by Kimberly Allen, RN
Rett syndrome is a genetic neurodevelopmental disorder that used to be called cerebroatrophic hyperammonemia. It affects the grey matter in the brain and affects girls almost exclusively. Though it also affects all races and ethnic groups it rarely affects boys. However, in boys that do develop Rett syndrome it is much more severe because they only have one X chromosome therefore the condition is quickly fatal and they usually die soon after birth.
Rett syndrome is caused by a genetic mutation in a gene located on the x chromosome known as MECP2. Although Rett syndrome is a genetic disorder 95% of the time the condition results from a spontaneous mutation in the gene. In other words it isn’t inherited from either parent, in fact in most cases neither parent have the MECP2 mutation. Because Rett syndrome occurs mainly in girls many researchers believe the mutation occurs in the X chromosome donated by the father. The exact function of the MECP2 gene is unclear just as how a mutation in this gene leads to Rett syndrome is unclear. There are many researchers that believe the MECP2 gene influences numerous other genes that are involved in development.
The progress of Rett syndrome varies from child to child including the age of your child when symptoms develop as well as the severity of her symptoms. The symptoms of Rett syndrome progresses in 4 stages. The child is usually between 6 to 18 months old in the first stage. Frequently the symptoms in this stage are missed because they tend to be vague. It starts with a subtle slowing of development that can go unnoticed including a slowing of head growth. You may notice your baby is less interested in her toys and doesn’t make eye contact as often. You may also notice your child doesn’t start crawling or sitting at the expected point in development. The first stage usually lasts anywhere from a few months to over a year. Stage II is also known as the rapid destructive stage usually manifests when your child is between 1 to 4 years of age and can last from weeks to months. In this stage your child loses spoke language as well as purposeful hand skills like clapping and washing her hands as well as the ability to bring her hand to her mouth like when feeding herself. You may notice that she holds her hands either at her side or behind her back as well as random touching with grasping and releasing. These movements will disappear when she goes to sleep only occurring while she is awake. She may also experience episodes of apnea and hyperventilation while she is awake that tends to improve when she is asleep. Frequently girls also demonstrate autistic like symptoms like loss of communication and social interaction skills which is why it is also considered a form of autism. In the third stage your child reaches a plateau that can last for years. This stage usually begins between 2 and 10 years of age. The main characteristics in this stage are increased motor difficulties and seizures. However, you may notice improvement in your childs behavior. Once in the third stage your child may start to show more interest in her surroundings as well as an increase in her alertness and attention span. Her ability to communicate may improve as well. Some girls actually stay in this stage for most of their lives. The fourth stage is known as the late motor deterioration stage. This stage can also last for years even decades. The main characteristics of this stage include the development of scoliosis with increase muscle weakness, rigidity and spasticity as well as increased muscle tone causing abnormal posturing of parts of her upper body as well as her arms and legs.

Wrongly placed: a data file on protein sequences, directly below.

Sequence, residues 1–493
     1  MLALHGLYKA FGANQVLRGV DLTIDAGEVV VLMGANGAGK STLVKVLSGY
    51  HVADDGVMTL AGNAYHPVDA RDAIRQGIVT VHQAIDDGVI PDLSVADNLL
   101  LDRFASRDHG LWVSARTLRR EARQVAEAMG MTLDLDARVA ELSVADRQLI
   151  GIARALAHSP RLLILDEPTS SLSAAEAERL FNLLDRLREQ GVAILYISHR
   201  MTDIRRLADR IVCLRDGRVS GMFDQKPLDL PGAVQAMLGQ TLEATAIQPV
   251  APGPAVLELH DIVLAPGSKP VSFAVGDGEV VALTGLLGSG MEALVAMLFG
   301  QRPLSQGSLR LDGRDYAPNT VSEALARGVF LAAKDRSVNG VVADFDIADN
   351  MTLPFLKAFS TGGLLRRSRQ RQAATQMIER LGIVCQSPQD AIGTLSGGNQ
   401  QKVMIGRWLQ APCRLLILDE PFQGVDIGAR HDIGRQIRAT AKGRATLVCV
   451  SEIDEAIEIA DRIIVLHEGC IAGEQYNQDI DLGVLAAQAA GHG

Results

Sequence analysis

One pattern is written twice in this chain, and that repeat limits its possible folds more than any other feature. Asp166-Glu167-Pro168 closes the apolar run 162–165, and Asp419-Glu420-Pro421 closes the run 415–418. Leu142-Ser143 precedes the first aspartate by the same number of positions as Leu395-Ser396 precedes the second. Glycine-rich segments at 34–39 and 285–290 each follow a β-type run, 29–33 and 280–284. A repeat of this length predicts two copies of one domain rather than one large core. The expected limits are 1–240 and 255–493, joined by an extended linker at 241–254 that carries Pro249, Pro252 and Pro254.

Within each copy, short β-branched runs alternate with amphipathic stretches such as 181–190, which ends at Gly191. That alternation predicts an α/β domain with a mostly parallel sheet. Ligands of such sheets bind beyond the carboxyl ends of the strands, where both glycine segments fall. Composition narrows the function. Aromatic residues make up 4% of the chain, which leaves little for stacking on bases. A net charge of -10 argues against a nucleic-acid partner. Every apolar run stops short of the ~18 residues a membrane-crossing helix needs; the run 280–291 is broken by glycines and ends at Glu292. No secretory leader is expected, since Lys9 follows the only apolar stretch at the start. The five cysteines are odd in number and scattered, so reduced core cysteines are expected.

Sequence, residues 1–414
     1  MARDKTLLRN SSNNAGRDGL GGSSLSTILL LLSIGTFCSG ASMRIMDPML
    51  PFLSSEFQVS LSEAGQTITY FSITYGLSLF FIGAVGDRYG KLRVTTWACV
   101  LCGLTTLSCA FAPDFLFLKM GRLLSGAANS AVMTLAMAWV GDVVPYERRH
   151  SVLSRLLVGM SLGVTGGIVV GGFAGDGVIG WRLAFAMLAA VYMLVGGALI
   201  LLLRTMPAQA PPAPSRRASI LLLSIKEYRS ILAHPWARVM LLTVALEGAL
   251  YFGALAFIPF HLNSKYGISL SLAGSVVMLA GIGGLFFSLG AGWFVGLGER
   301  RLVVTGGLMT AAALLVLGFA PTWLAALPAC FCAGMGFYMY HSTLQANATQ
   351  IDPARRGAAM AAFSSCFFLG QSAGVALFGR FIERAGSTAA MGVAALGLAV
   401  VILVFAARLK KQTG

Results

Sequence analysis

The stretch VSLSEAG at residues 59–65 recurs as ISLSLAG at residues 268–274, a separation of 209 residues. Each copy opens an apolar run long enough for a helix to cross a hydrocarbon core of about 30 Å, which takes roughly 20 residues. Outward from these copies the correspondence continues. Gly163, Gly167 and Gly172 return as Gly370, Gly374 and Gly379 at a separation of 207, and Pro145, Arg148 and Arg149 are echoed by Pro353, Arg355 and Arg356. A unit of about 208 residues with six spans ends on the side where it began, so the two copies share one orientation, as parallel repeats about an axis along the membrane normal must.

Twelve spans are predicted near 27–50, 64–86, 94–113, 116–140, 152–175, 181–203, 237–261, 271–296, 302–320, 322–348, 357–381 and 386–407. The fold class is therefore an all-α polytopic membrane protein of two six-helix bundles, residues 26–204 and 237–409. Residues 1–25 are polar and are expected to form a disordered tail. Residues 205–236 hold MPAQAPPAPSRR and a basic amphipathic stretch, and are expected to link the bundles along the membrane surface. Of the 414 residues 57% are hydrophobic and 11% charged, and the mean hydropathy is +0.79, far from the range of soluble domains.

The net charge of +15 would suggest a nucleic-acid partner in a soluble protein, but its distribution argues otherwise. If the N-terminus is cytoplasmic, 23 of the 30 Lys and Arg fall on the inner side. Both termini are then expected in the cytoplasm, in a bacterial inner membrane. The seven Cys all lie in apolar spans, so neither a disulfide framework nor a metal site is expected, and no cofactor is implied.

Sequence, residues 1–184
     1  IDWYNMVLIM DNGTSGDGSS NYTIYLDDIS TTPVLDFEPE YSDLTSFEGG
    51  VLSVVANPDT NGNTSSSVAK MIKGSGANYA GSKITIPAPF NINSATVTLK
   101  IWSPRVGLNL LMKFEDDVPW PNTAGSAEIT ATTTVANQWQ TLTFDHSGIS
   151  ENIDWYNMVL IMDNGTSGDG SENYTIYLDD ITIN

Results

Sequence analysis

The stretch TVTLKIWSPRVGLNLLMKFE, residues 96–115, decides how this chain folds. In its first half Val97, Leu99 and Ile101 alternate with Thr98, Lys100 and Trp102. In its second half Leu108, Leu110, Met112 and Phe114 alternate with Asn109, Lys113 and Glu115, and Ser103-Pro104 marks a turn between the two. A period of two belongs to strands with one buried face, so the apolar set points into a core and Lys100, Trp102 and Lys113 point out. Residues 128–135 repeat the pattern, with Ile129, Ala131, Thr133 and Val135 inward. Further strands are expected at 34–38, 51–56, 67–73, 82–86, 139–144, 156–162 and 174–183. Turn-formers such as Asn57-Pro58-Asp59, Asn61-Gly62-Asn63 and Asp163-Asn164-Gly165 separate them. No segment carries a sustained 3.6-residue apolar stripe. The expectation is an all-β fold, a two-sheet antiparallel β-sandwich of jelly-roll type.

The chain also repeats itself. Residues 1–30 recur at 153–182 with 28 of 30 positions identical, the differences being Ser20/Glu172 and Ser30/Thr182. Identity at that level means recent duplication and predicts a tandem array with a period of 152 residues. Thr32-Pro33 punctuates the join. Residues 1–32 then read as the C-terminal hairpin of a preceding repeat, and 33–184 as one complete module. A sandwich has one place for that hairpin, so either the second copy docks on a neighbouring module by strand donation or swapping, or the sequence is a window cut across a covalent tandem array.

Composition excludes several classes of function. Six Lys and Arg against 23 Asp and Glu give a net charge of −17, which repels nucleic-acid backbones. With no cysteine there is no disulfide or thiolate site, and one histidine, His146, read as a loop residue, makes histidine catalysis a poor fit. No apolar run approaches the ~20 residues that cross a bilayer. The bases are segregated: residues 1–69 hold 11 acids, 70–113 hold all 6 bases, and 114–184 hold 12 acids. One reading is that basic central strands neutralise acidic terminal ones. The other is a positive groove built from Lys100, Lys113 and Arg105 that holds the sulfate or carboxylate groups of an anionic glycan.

Treating Rett syndrome requires a multi disciplinary approach including standard medical care in addition to physical, speech and occupational therapies. Then as your child gets older social and academic as well as job training services. Though there are no medications that can cure Rett syndrome there are some that can help manage certain symptoms like seizures and muscle stiffness. Rett syndrome is also one of those conditions in which proper nutrition is extremely important not only for normal growth but for improved mental and social skills. Some girls with Rett syndrome require a well balanced high calorie diet while others may need to be fed through a tube.
Most girls with Rett syndrome are able to survive into middle age and beyond despite the symptoms and difficulties associated with the condition.